Well, there are two points here. First, it is precisely because governments have often failed or found it difficult to regulate that the burden has rightly fallen on companies. Let's take climate change: at an international level governments have failed to put in place sufficiently tough regulations which would reduce CO2 emissions. This has meant that a number of companies have voluntarily tried to reduce their carbon footprint. In other words, these companies have begun to step tentatively into the gap left by the failure of governments.

Secondly, in developing countries there is sometimes simply an absence of government and so companies are really obliged to step in. I’ll give you an example from the oil sector in Africa and Asia: here companies are often operating in particular poor and undeveloped regions in countries like Indonesia and Nigeria. In these areas central governments may not be providing basic things like education, health care, transport or electricity and so companies step in and create facilities and infrastructure which, at least in theory, should benefit local people.

Of course, Reich makes his point from a centre-left position but a similar argument was proposed by the most famous free-market champion of recent years, the late Milton Friedman. He said that while companies should abide by government legislation their business was quite simply to maximise profits and that CSR was irrelevant.

Yes, one of Friedman's famous phrases was "the business of business is business" -- maximising shareholder value, in other words. But the obvious answer to that is the state of the global economy in the last year in which an excessively narrow focus on “the business of business” in the finance sector has almost brought the global economy to its knees. It's been both a failure of governments to regulate and the failure of businesses to understand their broader ethical responsibilities and focus too narrowly on short-term profits. So I think Reich and Friedman from their different political perspectives have both got it wrong.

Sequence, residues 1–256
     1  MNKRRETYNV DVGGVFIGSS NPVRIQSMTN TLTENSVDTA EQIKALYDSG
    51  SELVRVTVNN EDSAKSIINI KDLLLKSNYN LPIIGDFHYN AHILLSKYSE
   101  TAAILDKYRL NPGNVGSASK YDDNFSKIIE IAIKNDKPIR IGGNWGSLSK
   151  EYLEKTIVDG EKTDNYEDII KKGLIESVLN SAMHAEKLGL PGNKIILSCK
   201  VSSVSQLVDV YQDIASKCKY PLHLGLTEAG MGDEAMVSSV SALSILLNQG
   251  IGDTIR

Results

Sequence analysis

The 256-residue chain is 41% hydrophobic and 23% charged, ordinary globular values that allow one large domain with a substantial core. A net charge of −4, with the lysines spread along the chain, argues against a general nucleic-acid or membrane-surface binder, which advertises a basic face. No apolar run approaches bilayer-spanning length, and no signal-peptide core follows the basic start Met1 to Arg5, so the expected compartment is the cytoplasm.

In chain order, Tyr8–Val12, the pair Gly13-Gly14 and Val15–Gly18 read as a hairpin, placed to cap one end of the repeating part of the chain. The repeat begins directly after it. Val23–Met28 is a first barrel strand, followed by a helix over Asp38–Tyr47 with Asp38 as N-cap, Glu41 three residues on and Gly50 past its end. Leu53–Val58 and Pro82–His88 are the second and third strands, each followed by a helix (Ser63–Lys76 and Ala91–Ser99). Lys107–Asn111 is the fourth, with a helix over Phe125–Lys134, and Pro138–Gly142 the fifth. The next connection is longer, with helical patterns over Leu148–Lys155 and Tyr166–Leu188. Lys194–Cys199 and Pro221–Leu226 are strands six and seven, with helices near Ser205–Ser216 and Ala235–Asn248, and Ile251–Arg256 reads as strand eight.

As we enter what looks to be a very serious economic downturn in the global economy do you think that many companies will be tempted to jettison CSR in order to protect their financial bottom line?

Yes, there will be a temptation to downgrade CSR -- budgets will be under pressure. But there will be a risk in doing so. There has been a huge erosion in trust from both the public and politicians in companies which operate in the banking sector, for example. Banks have often been viewed somewhat sceptically but they are now being blamed for the collapse of the whole system. In many respects, the crisis is the outcome of the failure of ethics on the part of business and big banks, particularly in relation to their internal controls.

And I must point out that at least a few ethical investors in the US were raising questions about mortgage-backed securities a few years ago. Unfortunately, their voices were not loud enough and they were not heeded and the result has been that hundreds of billions of dollars of shareholder value have been wiped out in the last six months.

So to sum up: I think it would be a disaster if all the efforts to make big business ethical were discarded just because of the credit crunch - particularly since it was caused by an ethical failure in the first place.

Dr Sean Carey is Research Fellow at the Centre for Research on Nationalism, Ethnicity and Multiculturalism (CRONEM), Roehampton University he was talking to author Daniel Litvin who is Senior Research Fellow at Chatham House and founder of Critical Resource, a London-based consultancy specialising in social and environmental issues facing big corporations